Veteran gay rights campaigner Peter Tatchell has “changed his mind” about a bakery that faced legal action for refusing to bake a ‘gay’ cake.
The owners of Ashers Bakery in Belfast were found guilty of unlawful discrimination based on sexual orientation and political or religious grounds, after the company in Newtownabbey, Northern Ireland refused to bake a cake showing the message ‘Support Gay Marriage’ above an image of Sesame Street’s Bert and Ernie.
Despite losing its initial case, the bakery owners are pursuing a legal appeal of the ruling – with financial and legal help from the Christian Institute.
The Christian Institute opposed the Equality Act and remains fundamentally opposed to anti-discrimination protections for LGBT people – but their case has found an unlikely ally in gay rights campaigner Peter Tatchell.
In an article for the Guardian, Mr Tatchell claimed he was not convinced the incident was a legitimate use of anti-discrimination laws, because the issue was to do with the message on the cake and not the customer’s sexuality.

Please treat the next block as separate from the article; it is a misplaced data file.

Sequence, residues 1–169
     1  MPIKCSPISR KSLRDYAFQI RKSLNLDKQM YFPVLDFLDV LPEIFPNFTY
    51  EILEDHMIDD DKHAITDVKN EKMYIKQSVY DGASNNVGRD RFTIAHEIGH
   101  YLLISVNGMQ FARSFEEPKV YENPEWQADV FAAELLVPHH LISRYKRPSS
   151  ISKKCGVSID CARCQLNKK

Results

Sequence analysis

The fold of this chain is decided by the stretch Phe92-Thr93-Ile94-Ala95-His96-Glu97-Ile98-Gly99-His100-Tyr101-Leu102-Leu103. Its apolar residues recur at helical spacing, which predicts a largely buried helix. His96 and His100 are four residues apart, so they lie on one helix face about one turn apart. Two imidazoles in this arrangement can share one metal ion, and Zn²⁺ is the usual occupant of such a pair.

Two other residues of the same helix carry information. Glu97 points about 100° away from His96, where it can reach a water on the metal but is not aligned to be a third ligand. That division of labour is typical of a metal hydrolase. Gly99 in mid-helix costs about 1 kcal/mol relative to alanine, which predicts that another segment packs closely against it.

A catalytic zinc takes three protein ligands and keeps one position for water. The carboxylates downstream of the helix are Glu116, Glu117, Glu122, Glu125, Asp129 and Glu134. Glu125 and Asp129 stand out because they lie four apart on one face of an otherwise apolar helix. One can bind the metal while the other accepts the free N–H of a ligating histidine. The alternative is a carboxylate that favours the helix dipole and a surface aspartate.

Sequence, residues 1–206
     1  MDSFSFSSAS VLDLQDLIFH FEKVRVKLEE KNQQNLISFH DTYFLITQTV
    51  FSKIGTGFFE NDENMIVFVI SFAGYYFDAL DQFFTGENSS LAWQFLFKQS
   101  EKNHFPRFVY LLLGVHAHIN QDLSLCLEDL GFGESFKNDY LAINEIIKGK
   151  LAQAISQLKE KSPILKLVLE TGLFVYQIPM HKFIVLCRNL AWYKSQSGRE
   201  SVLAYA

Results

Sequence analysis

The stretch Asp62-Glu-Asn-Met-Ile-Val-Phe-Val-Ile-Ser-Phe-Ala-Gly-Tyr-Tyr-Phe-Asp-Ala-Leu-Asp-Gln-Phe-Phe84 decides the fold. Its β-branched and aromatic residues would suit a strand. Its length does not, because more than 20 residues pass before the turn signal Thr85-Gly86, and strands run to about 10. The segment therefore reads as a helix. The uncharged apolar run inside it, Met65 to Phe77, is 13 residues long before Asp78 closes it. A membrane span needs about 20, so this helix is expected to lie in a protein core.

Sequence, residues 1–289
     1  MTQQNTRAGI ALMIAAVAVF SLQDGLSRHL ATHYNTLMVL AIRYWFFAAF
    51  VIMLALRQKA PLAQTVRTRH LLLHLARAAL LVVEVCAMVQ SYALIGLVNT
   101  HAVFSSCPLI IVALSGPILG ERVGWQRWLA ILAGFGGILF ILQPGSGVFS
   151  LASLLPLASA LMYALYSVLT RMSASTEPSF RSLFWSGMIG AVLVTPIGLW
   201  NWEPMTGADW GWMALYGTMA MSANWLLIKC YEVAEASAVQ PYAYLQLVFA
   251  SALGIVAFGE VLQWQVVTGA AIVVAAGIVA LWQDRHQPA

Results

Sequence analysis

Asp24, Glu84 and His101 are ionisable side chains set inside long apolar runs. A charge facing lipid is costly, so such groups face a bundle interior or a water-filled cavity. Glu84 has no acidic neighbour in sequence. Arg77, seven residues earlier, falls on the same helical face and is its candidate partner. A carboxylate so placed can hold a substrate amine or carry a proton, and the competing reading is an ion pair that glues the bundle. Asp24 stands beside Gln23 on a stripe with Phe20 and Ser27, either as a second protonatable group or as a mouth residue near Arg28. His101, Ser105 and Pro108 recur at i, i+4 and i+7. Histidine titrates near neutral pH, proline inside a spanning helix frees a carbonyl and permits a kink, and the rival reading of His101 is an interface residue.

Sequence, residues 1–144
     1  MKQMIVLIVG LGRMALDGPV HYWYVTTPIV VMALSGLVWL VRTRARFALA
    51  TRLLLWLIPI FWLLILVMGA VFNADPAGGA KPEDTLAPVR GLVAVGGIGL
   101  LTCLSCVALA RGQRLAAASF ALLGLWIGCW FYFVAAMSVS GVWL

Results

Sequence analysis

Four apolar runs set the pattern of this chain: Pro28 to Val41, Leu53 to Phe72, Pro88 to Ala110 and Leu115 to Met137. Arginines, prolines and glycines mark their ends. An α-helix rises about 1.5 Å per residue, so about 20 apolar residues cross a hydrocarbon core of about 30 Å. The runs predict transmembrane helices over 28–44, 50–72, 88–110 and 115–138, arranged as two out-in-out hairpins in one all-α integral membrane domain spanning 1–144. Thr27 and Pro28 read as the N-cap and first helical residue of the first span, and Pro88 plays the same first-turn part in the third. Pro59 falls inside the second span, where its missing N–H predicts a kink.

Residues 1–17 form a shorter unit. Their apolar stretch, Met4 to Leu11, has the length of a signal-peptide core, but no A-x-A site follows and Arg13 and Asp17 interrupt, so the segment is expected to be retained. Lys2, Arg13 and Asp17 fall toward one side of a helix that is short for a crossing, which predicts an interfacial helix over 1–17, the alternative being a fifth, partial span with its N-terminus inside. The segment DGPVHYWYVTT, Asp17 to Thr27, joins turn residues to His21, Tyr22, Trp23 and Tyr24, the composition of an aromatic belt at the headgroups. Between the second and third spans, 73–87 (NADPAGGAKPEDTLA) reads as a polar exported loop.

He wrote: “I profoundly disagree with Ashers’ opposition to same-sex love and marriage, and support protests against them… [but] on reflection the court was wrong to penalise Ashers and I was wrong to endorse its decision.”
The rights campaigner explained: “The court erred by ruling that [gay customer Gareth Lee] was discriminated against because of his sexual orientation and political opinions.
“His cake request was refused not because he was gay, but because of the message he asked for.
“There is no evidence that his sexuality was the reason Ashers declined his order. Despite this, Judge Isobel Brownlie said that refusing the pro-gay marriage slogan was unlawful indirect sexual orientation discrimination.
“On the question of political discrimination, the judge said Ashers had denied Lee service based on his request for a message supporting same-sex marriage.
“She noted: ‘If the plaintiff had ordered a cake with the words ‘support marriage’ or ‘support heterosexual marriage’ I have no doubt that such a cake would have been provided’.
“Brownlie thus concluded that by refusing to provide a cake with a pro-gay marriage wording Ashers had treated him less favourably, contrary to the law.”
Mr Tatchell claimed the ruling set a “worrying precedent” by suggesting that “service providers are required to facilitate any ‘lawful’ message, even if they have a conscientious objection.”
In addition to opposing discrimination protections, The Christian Institute previously fought to oppose an equal age of consent for gay people, civil partnerships and same-sex marriage – while it sought to keep Section 28, a law banning the ‘promotion’ of sexuality in schools.